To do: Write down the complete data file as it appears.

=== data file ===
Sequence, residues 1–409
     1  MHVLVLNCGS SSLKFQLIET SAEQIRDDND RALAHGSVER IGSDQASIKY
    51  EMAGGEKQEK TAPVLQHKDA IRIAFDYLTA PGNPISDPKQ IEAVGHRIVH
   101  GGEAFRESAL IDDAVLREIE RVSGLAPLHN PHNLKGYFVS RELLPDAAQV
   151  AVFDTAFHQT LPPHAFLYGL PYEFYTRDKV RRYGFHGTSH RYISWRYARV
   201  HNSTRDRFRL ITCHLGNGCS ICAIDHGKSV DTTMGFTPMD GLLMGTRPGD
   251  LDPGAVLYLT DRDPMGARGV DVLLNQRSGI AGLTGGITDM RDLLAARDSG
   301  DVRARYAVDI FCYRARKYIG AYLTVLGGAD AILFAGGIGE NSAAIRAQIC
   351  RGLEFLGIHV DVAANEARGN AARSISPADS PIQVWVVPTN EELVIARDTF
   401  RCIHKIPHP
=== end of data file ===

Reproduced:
Sequence, residues 1–409
     1  MHVLVLNCGS SSLKFQLIET SAEQIRDDND RALAHGSVER IGSDQASIKY
    51  EMAGGEKQEK TAPVLQHKDA IRIAFDYLTA PGNPISDPKQ IEAVGHRIVH
   101  GGEAFRESAL IDDAVLREIE RVSGLAPLHN PHNLKGYFVS RELLPDAAQV
   151  AVFDTAFHQT LPPHAFLYGL PYEFYTRDKV RRYGFHGTSH RYISWRYARV
   201  HNSTRDRFRL ITCHLGNGCS ICAIDHGKSV DTTMGFTPMD GLLMGTRPGD
   251  LDPGAVLYLT DRDPMGARGV DVLLNQRSGI AGLTGGITDM RDLLAARDSG
   301  DVRARYAVDI FCYRARKYIG AYLTVLGGAD AILFAGGIGE NSAAIRAQIC
   351  RGLEFLGIHV DVAANEARGN AARSISPADS PIQVWVVPTN EELVIARDTF
   401  RCIHKIPHP